James Livingood has been a dog sitter for several years. He has written numerous articles and a book about the topic because he loves dogs.
Wrinkle Infections in Bulldogs
Bulldog wrinkles are adorable; however, a wrinkle infection is not very cute. As a Bulldog grows older, they become more prone to these infections. It is a sad but inevitable fact of life. Beyond causing a smell, they can be frustrating to the dog on multiple levels. Here are a number of signs to look for and actions to take to get rid of and prevent wrinkle infections from happening in the first place. The ultimate goal is both your comfort and your dog's comfort as well.
Signs of a Wrinkle Infection
- Face Rubbing: If your dog is rubbing their face more than usual, that could be the first sign of a skin infection. Once or twice is somewhat normal, but constant face rubbing is different. Please note that this doesn’t just mean rubbing it with their paws. They may be rubbing their face on the ground or on furniture. An occasional itch is much different than constant face rubbing.
- Redness: When you look at the folds of skin and see additional redness, that could be a sign of infection. In addition, their skin may look dry and flaky. Don’t be afraid to move the folds of skin around, as the redness may be in an area not easily seen.
- Odor: If you can smell an unpleasant odor coming from their face, imagine how they feel! Our noses are nowhere near as sensitive as theirs. This is one of the more accurate signs of a potential infection. Please note that if you smell their face, their breath may be the cause of the odor.
Treatment of an Existing Infection
The absolute best thing you can do is call your veterinary office. They can give you information suited to your individual dog’s needs. This can be based on weight, lifestyle, and other factors. In addition, they keep up with the latest products and preventative trends. If you don’t have the luxury of contacting your vet’s office (because of cost or time), here are some additional things to try.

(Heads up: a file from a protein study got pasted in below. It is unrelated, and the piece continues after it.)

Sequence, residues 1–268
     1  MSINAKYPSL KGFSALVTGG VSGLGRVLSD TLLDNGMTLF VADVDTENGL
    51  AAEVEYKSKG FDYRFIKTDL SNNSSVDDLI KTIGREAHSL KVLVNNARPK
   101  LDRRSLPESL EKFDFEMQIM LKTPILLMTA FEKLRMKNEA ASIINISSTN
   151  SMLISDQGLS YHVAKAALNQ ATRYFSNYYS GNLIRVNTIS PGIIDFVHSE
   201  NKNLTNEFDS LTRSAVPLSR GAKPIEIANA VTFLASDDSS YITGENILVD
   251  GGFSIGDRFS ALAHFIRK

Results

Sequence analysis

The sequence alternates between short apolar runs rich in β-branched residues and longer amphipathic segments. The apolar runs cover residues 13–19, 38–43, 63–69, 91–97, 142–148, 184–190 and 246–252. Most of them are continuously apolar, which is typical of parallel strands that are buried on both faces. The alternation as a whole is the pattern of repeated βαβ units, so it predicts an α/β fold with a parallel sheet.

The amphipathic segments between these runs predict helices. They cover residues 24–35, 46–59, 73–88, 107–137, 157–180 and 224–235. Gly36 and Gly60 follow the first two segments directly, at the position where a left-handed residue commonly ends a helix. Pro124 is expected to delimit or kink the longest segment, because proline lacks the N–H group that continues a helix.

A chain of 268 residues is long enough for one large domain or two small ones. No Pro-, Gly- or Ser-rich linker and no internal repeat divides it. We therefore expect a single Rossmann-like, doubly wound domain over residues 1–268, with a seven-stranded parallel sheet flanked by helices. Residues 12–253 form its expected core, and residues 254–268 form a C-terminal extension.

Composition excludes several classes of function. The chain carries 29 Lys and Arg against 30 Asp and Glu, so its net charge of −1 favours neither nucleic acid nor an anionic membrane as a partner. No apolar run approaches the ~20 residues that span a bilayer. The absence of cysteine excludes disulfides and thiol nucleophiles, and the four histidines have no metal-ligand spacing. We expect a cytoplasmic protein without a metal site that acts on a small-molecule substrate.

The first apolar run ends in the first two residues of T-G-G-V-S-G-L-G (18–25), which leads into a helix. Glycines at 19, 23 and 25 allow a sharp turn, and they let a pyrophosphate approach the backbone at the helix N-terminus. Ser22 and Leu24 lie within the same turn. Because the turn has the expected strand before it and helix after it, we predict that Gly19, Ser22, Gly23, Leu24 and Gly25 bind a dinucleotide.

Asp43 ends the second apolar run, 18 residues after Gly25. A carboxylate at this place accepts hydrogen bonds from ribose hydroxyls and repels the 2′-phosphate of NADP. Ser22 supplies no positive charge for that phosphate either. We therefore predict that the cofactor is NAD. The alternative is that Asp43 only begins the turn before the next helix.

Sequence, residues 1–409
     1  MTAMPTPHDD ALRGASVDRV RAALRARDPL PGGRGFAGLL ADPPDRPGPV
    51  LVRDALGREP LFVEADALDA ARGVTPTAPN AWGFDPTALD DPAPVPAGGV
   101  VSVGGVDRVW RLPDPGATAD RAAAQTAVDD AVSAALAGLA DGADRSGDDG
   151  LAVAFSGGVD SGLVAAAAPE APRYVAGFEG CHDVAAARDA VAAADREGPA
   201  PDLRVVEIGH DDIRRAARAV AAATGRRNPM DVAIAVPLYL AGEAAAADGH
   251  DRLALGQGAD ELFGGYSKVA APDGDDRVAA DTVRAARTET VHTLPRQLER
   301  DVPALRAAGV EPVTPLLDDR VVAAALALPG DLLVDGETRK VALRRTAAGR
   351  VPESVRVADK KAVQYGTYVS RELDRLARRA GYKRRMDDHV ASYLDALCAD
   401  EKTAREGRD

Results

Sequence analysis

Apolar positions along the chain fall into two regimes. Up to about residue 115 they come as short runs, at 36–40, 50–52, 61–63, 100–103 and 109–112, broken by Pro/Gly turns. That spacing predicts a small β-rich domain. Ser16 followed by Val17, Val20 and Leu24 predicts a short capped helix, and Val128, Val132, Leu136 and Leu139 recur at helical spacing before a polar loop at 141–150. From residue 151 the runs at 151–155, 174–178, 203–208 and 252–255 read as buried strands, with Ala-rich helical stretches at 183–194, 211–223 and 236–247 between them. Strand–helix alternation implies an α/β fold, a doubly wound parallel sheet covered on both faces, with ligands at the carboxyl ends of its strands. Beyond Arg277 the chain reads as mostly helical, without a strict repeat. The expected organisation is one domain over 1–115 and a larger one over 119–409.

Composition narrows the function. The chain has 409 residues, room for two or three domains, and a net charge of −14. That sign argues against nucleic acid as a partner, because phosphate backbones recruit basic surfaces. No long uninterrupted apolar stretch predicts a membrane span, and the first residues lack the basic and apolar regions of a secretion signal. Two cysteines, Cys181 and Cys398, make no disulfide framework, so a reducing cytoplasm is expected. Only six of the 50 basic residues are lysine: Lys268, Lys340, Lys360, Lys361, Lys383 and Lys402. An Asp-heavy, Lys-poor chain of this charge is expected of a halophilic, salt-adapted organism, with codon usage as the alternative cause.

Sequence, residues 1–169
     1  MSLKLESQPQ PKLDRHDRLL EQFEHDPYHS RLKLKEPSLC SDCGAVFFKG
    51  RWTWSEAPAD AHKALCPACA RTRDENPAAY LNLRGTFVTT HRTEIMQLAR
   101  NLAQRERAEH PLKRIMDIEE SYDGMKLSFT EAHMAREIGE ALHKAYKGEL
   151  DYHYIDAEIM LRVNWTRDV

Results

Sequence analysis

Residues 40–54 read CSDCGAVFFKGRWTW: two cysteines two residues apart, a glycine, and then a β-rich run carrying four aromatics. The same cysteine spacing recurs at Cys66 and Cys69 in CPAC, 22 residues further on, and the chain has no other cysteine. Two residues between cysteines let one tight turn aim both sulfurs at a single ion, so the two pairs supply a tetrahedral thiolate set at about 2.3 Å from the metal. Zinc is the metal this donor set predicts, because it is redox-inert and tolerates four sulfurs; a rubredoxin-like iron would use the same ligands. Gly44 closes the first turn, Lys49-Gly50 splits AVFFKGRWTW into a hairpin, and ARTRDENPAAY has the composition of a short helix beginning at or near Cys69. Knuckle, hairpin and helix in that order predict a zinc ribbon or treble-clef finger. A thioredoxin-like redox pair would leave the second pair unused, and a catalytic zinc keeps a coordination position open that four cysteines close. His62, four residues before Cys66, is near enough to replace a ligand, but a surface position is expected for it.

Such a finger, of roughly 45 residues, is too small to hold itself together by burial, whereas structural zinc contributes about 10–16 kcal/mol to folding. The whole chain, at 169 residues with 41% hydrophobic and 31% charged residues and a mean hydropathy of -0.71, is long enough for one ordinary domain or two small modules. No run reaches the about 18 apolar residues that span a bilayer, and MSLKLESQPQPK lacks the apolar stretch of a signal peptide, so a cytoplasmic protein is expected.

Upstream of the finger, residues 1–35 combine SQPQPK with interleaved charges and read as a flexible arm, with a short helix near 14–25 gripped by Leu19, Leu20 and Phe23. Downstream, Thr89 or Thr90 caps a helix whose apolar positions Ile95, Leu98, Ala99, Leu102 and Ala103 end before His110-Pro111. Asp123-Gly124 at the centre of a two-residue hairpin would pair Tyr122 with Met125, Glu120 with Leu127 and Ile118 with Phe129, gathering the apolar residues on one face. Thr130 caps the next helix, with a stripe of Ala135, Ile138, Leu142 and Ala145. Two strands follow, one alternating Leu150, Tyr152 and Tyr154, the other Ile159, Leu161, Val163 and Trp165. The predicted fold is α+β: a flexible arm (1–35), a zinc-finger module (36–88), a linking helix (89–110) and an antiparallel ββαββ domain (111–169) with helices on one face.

The cause of wrinkle infection is dirt and wetness getting in the folds. While your instinct to wash your dog may work (especially if you dry well), the best solution may be topical wipes. Amazon has a number of these wipes ranging from $11–25. Some Bulldog owners create their own wipes, but these homemade formulas can be dangerous, especially if the dog licks or grooms their face during the process.
Creams work similar to the wipes, but often have additional soothing benefits. Again, don’t use creams designed for humans, such as diaper rash cream or unique antibiotic ointment. Often times dogs will lick their face during this process, which may cause them to ingest harmful substances. Your veterinary office will be able to suggest the right combination for your canine.
There is an amazing selection of shampoos dedicated to Bulldog wrinkle care. The biggest concern when using one of these products is ensuring that the dog is completely dry afterwards. That means cleaning and drying inside the folds as well. If that step does not occur, the infection can become worse and spread. In addition, do not let shampoo or soap products “sit” on the skin for a long time, as this can also cause additional irritation.
Preventing Future Infections
- Wipe Wrinkles Twice a Week: The best way to solve future outbreaks is to make sure they keep their skin folds clean. Many Bulldogs are messy eaters which can get into the folds of their skin. In addition, they may enjoy playing around outside, which can force dirt into their wrinkles. By creating a practice of wiping out the wrinkles every few days, it helps prevent any infection from taking hold. However, do not combine this with baths every few days. Having this many baths can cause the rest of the skin to have oils that dry out. This can lead to future irritation.
- Regular Bathing: If your canine decided to roll around in the mud puddle at the local dog park, it might be time for a bath. Again, these bathes should be spaced out far apart and not done multiple times per week. Usually, once a month or less is recommended.
- Remedy Dryness: If you notice that your Bulldog’s wrinkles are becoming dry, but not infected, you may need to add some moisture. Many dog owners swear by Vaseline, but again, dogs can lick this off. Small amounts of Vaseline will not hurt a Bulldog, but it is still best to use a product suggested by your veterinary office.
Commonly Asked Questions and Fun Facts About Bulldogs
Where can I find a Bulldog to adopt?